530
      
      
    a| Also available as downloadable files.
    522
      
      
    a| Cleveland
    522
      
      
    a| Detroit
    522
      
      
    a| Houston
    522
      
      
    a| Michigan
    522
      
      
    a| Ohio
    522
      
      
    a| Texas
    522
      
      
    a| United States
    520
    3
      
    a| This project involved an experiment conducted in three Drug Use Forecasting (DUF) [DRUG USE FORECASTING IN 24 CITIES IN THE UNITED STATES, 1987-1997 (ICPSR 9477)] program sites to determine whether using a more detailed informed consent procedure and/or altering the sequence of the interview and urine specimen collection could enhance the validity of arrestees' self-reports of drug use without adversely affecting study response rates. A 2x2 factorial design was used to assess the effects of the two manipulations. The first two experimental conditions involved administering either the standard DUF informed consent or an enhanced consent that told the arrestees more about the confidential nature of the research and the capabilities of urinalysis. The second two conditions involved collecting the urine specimen either before or after the interview was administered. The experiment included 2,015 adult arrestees from Cleveland, Ohio, Detroit, Michigan, and Houston, Texas, who were randomly assigned to one of the four experimental conditions. The experiment was designed so that the only variability across the interviews was the manipulation of informed consent and the sequencing of the urine specimen request. All other procedures of a standard DUF collection were followed. Data were collected in Cleveland between July 8 and August 22, 1997, in Detroit from August 4 to September 27, 1997, and in Houston from October 17 to November 1, 1997. Variables specific to this project include the experimental condition to which the respondent was assigned, follow-up questions asking whether the arrestee would have responded differently if assigned to the other conditions, and several dummy variables on length and type of drug use. Data from the DUF interview provided detailed information about each arrestee's self-reported use of 15 drugs. For each drug type, arrestees were asked whether they had ever used the drug, the age at which they first used the drug, whether they had used the drug within the past three days, how many days they had used the drug within the past month, whether they had ever needed or felt dependent on the drug, and whether they were dependent on the drug at the time of the interview. Data from the DUF interview instrument also included alcohol/drug treatment history, information about whether arrestees had ever injected drugs, and whether they were influenced by drugs when the crime that they were charged with was committed. The data also include information about whether the arrestee had been to an emergency room for drug-related incidents and whether he or she had had prior arrests in the past 12 months. Urine tests screened for the presence of ten drugs, including marijuana, opiates, cocaine, PCP, methadone, benzodiazepines (Valium), methaqualone, propoxyphene (Darvon), barbiturates, and amphetamines (positive test results for amphetamines were confirmed by gas chromatography). Demographic data include the age, race, sex, educational attainment, marital status, employment status, and living circumstances of each respondent.Cf: http://doi.org/10.3886/ICPSR02890.v1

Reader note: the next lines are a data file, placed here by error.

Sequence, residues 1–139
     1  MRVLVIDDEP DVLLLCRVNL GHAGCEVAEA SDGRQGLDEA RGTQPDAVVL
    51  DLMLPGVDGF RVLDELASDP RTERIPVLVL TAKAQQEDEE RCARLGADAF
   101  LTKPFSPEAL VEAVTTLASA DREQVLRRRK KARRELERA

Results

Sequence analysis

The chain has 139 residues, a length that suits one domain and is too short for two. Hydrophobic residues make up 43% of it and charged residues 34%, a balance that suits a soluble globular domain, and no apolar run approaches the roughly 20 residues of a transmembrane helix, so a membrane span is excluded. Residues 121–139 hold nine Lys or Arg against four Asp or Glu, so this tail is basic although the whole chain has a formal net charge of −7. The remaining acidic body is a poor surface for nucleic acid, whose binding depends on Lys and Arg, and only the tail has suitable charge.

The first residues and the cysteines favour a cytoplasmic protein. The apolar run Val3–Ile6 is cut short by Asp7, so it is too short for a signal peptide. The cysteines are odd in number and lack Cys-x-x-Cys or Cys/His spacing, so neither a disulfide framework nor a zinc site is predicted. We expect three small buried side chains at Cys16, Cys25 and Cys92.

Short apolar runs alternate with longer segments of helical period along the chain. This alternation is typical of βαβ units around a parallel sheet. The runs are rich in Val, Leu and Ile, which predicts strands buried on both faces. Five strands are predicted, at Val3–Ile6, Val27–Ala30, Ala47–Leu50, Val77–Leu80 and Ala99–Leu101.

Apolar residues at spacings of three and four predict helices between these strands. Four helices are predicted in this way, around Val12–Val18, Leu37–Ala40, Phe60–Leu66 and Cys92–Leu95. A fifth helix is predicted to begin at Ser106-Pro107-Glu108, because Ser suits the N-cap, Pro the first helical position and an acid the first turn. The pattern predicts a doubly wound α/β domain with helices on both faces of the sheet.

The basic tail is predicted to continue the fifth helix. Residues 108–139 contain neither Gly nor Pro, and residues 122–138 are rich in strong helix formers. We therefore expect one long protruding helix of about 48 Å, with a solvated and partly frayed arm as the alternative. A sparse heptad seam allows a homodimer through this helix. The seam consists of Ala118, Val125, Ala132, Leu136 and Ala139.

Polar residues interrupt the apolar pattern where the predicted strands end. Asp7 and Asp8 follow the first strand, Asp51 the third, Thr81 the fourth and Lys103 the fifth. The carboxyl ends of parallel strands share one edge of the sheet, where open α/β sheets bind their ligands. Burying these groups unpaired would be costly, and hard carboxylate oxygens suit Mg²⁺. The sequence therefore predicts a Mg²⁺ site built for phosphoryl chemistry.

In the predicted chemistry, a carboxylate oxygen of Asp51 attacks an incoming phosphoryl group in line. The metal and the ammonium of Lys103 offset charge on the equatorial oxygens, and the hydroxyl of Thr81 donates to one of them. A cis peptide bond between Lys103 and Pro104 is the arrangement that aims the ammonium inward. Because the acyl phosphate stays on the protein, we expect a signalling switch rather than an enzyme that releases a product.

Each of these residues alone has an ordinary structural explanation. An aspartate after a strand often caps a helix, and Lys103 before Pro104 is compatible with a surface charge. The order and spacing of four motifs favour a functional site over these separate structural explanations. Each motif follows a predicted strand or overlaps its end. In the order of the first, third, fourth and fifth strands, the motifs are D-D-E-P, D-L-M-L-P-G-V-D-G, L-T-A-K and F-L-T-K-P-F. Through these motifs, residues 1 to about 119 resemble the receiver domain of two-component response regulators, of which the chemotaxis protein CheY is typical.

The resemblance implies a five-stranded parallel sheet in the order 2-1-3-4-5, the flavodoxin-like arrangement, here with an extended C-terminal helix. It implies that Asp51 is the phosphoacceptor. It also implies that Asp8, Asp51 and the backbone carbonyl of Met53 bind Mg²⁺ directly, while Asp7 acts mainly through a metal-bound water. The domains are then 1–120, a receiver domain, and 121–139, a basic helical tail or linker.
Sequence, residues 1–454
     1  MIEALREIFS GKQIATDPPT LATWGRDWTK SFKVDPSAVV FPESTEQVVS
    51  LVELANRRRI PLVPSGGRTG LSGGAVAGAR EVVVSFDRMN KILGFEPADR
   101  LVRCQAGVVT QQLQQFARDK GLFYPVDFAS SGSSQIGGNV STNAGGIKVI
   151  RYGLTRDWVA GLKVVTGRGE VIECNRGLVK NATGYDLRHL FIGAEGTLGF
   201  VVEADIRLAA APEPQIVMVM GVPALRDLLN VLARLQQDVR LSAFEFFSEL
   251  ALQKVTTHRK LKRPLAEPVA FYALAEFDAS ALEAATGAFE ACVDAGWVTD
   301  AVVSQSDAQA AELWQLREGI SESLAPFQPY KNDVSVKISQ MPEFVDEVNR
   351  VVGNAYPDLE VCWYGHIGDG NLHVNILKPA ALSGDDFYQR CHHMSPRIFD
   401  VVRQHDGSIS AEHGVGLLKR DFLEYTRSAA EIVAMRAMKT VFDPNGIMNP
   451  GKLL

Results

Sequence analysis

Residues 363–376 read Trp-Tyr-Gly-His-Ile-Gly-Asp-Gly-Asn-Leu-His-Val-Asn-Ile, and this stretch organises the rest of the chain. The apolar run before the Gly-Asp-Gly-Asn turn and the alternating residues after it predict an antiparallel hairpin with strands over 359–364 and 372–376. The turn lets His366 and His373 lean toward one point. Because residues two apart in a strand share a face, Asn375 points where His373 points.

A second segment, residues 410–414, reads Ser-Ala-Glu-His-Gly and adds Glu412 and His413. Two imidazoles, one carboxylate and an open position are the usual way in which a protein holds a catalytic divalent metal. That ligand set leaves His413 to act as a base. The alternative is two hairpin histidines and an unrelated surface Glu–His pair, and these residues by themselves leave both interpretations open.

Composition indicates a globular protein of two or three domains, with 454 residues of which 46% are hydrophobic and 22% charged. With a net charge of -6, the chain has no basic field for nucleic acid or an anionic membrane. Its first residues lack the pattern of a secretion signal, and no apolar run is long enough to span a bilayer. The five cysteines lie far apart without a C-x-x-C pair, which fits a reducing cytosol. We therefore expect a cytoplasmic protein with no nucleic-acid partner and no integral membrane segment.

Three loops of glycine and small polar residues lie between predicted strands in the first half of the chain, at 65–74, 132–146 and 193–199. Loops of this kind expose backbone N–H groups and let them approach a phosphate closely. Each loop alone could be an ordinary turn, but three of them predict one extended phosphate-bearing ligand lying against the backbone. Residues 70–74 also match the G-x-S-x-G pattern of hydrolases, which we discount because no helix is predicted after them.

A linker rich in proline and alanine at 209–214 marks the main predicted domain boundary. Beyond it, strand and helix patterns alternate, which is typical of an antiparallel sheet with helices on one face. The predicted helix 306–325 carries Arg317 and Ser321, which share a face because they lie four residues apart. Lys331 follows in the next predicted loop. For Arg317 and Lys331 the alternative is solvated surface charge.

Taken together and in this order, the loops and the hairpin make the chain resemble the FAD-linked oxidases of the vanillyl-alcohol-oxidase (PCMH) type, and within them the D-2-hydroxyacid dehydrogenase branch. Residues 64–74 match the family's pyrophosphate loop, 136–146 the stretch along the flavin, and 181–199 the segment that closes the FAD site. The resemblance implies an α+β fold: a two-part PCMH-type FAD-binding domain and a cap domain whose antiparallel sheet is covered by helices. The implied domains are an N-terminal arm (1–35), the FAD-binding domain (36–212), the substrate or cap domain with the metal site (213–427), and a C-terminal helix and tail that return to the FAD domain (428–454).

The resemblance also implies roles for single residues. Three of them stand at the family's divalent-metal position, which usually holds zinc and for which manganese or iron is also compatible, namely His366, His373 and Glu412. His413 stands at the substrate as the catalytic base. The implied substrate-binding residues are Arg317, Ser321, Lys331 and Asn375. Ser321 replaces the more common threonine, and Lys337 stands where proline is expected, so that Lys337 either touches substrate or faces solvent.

505
      
      
    t| Dataset
    567
      
      
    a| Booked adult arrestees in Cleveland, Detroit, and Houston in 1997.
    650
      
    7
    a| drug abuse 2| icpsr
    650
      
    7
    a| drug dependence 2| icpsr
    650
      
    7
    a| drug testing 2| icpsr
    650
      
    7
    a| drug treatment 2| icpsr
    650
      
    7
    a| drug use 2| icpsr
    650
      
    7
    a| offenders 2| icpsr
    650
      
    7
    a| treatment programs 2| icpsr
    650
      
    7
    a| urinalysis 2| icpsr
    653
    0
      
    a| ICPSR XVII.E. Social Institutions and Behavior, Crime and the Criminal Justice System
    653
    0
      
    a| NACJD XI. Drugs, Alcohol, and Crime
    700
    2
      
    a| Wish, Eric D., u| University of Maryland, College Park, Center for Substance Abuse Research (CESAR)
    700
    2
      
    a| Gray, Thomas u| University of Maryland, College Park, Center for Substance Abuse Research (CESAR)
    700
    2
      
    a| Sushinsky, Jonathan u| University of Maryland, College Park, Center for Substance Abuse Research (CESAR)
    710
    2
      
    a| Inter-university Consortium for Political and Social Research.
    830
      
    0
    a| ICPSR (Series) v| 2890
    856
    4
    0
    u| http://proxy.its.virginia.edu/login?url=http://doi.org/10.3886/ICPSR02890.v1
    999
      
      
    w| WEB l| INTERNET m| UVA-LIB t| INTERNET
▾See more
▴See less

Availability

Access Online